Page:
Honoring the 29th anniversary of “Justice for Janitors Day,” D.C. Council Chairman Phil Mendelson and Council member Elissa Silverman readied to join hundreds of 32BJ SEIU janitors to march downtown during Wednesday afternoon rush hour to protest a non-union cleaning contractor under investigation by the Equal Employment Opportunity Commission for sexual harassment, after settling with the National Labor Relations Board for several federal labor charges.
“Without 32BJ SEIU, it’s likely that janitorial workers would remain at the bottom of the working class,” Mendelson said. “This is about decent wages for hard work.”
In the mid-1990s, janitors made history when they blocked the Roosevelt Bridge demanding and winning living wages, employer-paid benefits and respect.
“Janitorial workers are key behind-the-scenes players in D.C.’s economy,” Silverman said. “It‘s a challenging job for little pay, and I hope this rally will be the start of good faith negotiations that ensure they earn a living wage.”
32BJ janitors, who are marching in support of non-union cleaners employed by K&S cleaners employed by K&S Management and Supply, Inc., will soon bargain a new four-year union contract that expires on Oct. 15, 2019. K&S is an aberration in D.C., where the vast majority of offices are cleaned by companies who hold contracts with 32BJ that cover 11,000 workers in the D.C. area and Baltimore.
In 2018, K&S violated D.C. Wage and Hour Law by failing to provide workers with paychecks that indicate how much they make per hour. K&S was accused of failing to pay the minimum wage to workers in D.C. Only after workers signed petitions and asked for tenant support did K&S provide corrected pay stubs. It still remains unclear whether K&S management underpaid employees because of their questionable pay stubs.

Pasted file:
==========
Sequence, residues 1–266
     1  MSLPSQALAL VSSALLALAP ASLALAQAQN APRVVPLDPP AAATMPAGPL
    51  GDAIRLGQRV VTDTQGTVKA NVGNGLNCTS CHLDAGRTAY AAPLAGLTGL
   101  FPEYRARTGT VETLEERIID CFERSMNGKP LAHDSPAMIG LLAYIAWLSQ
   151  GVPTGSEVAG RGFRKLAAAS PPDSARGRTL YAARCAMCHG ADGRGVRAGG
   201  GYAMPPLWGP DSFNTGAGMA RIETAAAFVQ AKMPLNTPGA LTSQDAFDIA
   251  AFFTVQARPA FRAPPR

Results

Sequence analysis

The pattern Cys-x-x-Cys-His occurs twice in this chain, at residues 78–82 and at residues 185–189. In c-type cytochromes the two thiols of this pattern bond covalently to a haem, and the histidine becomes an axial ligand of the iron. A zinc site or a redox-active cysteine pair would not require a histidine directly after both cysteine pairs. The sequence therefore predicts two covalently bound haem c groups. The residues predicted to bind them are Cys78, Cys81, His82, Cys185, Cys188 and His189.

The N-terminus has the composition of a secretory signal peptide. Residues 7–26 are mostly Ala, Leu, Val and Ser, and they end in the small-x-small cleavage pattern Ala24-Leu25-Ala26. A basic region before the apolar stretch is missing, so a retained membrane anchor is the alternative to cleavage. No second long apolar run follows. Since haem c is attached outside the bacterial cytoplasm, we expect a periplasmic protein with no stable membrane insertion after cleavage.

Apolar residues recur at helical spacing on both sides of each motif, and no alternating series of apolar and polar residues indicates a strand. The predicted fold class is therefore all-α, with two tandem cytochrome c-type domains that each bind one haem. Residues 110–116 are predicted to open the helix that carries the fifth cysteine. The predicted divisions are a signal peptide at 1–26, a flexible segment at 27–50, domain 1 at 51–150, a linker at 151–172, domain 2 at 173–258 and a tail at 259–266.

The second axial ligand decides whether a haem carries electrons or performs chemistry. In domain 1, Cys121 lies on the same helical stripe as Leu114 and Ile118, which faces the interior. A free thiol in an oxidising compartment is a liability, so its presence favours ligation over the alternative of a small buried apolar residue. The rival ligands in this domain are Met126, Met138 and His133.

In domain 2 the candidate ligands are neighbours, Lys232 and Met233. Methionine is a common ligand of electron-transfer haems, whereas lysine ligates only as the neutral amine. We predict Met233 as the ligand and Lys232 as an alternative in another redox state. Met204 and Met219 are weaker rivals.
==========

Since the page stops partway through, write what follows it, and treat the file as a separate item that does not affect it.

In March, the NLRB found merit in several allegations that K&S violated the law by firing a worker, unjustly disciplining a worker in D.C., as well as committing threats, interrogations and surveillance of workers. Although K&S denied the charges, the company settled and paid over $1,500 in back pay to the discharged employee, an immediate offer for full reinstatement to his job, and posted notices of their actions.
“Before I had a union, I had to miss my parents’ funeral and couldn’t see a doctor because my boss threatened to fire me if I took time away,” said Ana Hernandez, a 32BJ member and single mother of three who cleans offices at 701 13th St. NW. “The union is so important because the better wages and benefits allow us to take care of our health and spend more time raising our kids so they aren’t out on the street.”
On June 15, 1990, more than 400 janitors in Los Angeles held a peaceful rally after contractors threw out the union, cut their pay to minimum wage and stripped janitors of all benefits. As the workers locked arms to cross the street, they were beaten back by baton-wielding police officers. Thirty-eight marchers were wounded and arrested, and since then, June 15 has been memorialized as “Justice for Janitors Day.” Today, more than 134,000 union janitors nationwide are united to win strong contracts to benefit all communities.
With more than 173,000 members in nine states, including 20,000 in the D.C. metropolitan area, 32BJ SEIU is the largest property service workers’ union in the country.